Don't brand me as a environut or anything yet. I'm all in favor of "right tool for the job", but perhaps people are buying too much vehicle "in case" they need to buy a chair.

      • Electric cars may have something going for them in terms of safety if we can get rid of those massive land barge lead-acid batteries. Even though some cars are light, consider the following:

        Weight is inversely proportional to agility.

        Agility multiplied by driver skill plus that extra weight equals safety.

        A land barge is only safe when the driver has no skill. Marginally at best. This formula may explain why some people seem to avoid accidents and not get hurt, while others are magnets for disasters.
    • If you're somewhat mechanically inclined and enjoy a good project, you can roll your own. Check out some existing conversions:

      http://evalbum.com [evalbum.com]
  • http://www.go-t-rex.com/francais/neuf/neuf.html
    is a car (in fact more a motor cycle since you need a helmet) that can go really fast and can stick on the road :)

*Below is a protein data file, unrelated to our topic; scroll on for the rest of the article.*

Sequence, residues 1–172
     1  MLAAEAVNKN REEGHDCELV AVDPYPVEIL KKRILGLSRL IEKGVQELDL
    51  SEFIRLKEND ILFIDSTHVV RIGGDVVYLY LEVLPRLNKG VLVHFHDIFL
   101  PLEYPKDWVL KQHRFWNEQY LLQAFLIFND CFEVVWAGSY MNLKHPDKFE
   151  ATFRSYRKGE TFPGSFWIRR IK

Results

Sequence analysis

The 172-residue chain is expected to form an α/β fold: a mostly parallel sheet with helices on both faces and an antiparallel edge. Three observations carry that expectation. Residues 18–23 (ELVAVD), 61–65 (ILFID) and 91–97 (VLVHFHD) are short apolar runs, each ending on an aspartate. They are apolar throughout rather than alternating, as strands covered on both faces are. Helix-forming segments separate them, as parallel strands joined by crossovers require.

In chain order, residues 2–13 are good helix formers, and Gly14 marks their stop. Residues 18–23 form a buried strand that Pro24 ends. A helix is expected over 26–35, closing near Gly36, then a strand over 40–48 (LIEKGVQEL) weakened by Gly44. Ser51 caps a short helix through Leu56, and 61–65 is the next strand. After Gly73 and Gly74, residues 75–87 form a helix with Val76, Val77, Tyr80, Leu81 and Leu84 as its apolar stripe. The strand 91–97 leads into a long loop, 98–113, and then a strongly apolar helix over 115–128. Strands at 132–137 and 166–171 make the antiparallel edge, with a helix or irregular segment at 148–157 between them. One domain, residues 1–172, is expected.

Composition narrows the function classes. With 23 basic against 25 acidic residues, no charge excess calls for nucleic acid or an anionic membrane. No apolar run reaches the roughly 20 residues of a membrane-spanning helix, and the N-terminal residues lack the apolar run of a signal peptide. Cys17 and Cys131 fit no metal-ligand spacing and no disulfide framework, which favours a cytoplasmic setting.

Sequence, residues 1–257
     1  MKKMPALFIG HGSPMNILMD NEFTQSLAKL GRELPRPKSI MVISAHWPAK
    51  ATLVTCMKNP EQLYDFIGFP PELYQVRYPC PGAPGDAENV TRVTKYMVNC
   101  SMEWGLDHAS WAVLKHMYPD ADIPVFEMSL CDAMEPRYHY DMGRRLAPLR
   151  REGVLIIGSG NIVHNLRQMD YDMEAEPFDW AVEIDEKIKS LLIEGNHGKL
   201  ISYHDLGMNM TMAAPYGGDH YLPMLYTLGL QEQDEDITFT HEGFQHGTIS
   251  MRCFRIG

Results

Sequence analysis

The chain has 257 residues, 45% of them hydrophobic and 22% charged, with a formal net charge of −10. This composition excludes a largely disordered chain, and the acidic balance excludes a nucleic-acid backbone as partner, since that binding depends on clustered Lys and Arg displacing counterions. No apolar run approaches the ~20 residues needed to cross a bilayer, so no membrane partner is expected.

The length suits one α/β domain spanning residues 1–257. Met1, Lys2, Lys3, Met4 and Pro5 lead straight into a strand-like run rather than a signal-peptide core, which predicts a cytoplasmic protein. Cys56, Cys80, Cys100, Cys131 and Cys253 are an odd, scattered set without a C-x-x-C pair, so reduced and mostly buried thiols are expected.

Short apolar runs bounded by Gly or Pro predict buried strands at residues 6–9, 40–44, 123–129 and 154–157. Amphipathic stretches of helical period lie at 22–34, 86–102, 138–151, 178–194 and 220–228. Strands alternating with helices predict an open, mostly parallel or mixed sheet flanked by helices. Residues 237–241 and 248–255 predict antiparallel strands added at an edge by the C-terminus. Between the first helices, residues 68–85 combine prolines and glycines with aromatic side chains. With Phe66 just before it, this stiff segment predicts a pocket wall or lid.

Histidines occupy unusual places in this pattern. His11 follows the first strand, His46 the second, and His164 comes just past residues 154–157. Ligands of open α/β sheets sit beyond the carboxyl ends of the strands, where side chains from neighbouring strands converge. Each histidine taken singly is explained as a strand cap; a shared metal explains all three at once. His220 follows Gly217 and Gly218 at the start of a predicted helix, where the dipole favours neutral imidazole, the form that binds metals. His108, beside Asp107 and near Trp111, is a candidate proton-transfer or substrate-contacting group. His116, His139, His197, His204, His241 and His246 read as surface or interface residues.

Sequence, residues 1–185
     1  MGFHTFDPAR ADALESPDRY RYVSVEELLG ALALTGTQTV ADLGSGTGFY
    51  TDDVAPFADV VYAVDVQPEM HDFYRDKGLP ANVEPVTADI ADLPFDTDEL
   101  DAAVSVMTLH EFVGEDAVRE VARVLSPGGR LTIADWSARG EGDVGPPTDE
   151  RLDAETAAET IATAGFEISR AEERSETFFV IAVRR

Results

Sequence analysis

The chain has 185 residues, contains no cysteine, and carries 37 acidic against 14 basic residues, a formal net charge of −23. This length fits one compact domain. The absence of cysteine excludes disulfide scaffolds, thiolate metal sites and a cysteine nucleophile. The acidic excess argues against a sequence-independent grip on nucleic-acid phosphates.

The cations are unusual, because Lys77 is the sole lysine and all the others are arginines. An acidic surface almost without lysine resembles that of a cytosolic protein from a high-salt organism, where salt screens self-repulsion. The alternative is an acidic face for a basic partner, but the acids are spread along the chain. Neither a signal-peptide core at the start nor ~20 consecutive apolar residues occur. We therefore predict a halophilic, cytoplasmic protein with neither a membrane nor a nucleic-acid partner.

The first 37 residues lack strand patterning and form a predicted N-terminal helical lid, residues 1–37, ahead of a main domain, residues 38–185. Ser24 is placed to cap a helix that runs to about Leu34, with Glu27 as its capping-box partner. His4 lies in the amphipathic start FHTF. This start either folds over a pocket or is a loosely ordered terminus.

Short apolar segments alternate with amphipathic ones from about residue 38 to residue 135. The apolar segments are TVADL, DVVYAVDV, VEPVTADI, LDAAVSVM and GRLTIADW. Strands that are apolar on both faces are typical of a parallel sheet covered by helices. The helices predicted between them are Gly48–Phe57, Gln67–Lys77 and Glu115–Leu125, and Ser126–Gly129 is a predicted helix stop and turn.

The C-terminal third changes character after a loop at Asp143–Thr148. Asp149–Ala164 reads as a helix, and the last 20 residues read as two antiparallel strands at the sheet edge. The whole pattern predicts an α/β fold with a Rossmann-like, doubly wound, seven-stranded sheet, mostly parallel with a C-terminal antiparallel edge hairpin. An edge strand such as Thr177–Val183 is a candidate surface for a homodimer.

• must be a real geek to get THIS excited over the thing:"

    It was a single seater, three wheeled wonder.

    Gentlemen. You can't put a date in this. Think of it as evolution in action.

  • Acourding to a woman that works for Ford that I spoke with at the NAIAS Ford is going to release there Electric can called THINK late this summer or early fall.
  • Here [evclubsouth.org]is a series of pictures of the gentleman purchasing the sparrow.
  • I want their Merlin Roadster [corbinmotors.com].
  • by Anonymous Coward

    I was shopping for a car back in November and noticed this [thinkmobility.com] at a Ford dealer here in San Diego (Pearson Ford [dealerconnection.com] on El Cajon Blvd, but interestingly their alternative fuel vehicle page [rtc4afv.com] makes no mention of the Think). I've seen at least one of them on I-805 going to and from work also. The Think website says they will be available in 2002.

    One of the images [melhuish.org] on the Google image search page [google.com] mentioned previously is supposed to be an electric vehicle but it ain't. The Smart car (made by some involvement of Daimler and sold only in Europe) is gas-powered but is very much the same size and shame as the Think city.

    Another odd thing about the Think city is that the body panels seem to be mostly plastic. The same dealership had the opensided golfcard model, which they call the Think neighbor.

  • Safety (Score:3, Informative)

    by hether ( 101201 ) on Monday January 28, 2002 @01:44PM (#2914462)